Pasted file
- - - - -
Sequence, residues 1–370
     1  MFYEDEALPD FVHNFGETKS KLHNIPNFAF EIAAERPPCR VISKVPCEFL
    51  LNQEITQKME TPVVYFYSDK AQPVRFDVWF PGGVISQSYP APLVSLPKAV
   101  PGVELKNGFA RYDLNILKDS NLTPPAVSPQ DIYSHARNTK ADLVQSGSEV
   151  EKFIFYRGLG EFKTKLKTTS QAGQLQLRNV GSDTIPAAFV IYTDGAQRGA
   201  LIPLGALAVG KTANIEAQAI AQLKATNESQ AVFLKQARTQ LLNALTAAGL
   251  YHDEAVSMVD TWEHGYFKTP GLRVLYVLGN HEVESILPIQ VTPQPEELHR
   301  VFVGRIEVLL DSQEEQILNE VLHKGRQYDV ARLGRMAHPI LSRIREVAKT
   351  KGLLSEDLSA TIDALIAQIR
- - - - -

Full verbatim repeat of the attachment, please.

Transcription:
Sequence, residues 1–370
     1  MFYEDEALPD FVHNFGETKS KLHNIPNFAF EIAAERPPCR VISKVPCEFL
    51  LNQEITQKME TPVVYFYSDK AQPVRFDVWF PGGVISQSYP APLVSLPKAV
   101  PGVELKNGFA RYDLNILKDS NLTPPAVSPQ DIYSHARNTK ADLVQSGSEV
   151  EKFIFYRGLG EFKTKLKTTS QAGQLQLRNV GSDTIPAAFV IYTDGAQRGA
   201  LIPLGALAVG KTANIEAQAI AQLKATNESQ AVFLKQARTQ LLNALTAAGL
   251  YHDEAVSMVD TWEHGYFKTP GLRVLYVLGN HEVESILPIQ VTPQPEELHR
   301  VFVGRIEVLL DSQEEQILNE VLHKGRQYDV ARLGRMAHPI LSRIREVAKT
   351  KGLLSEDLSA TIDALIAQIR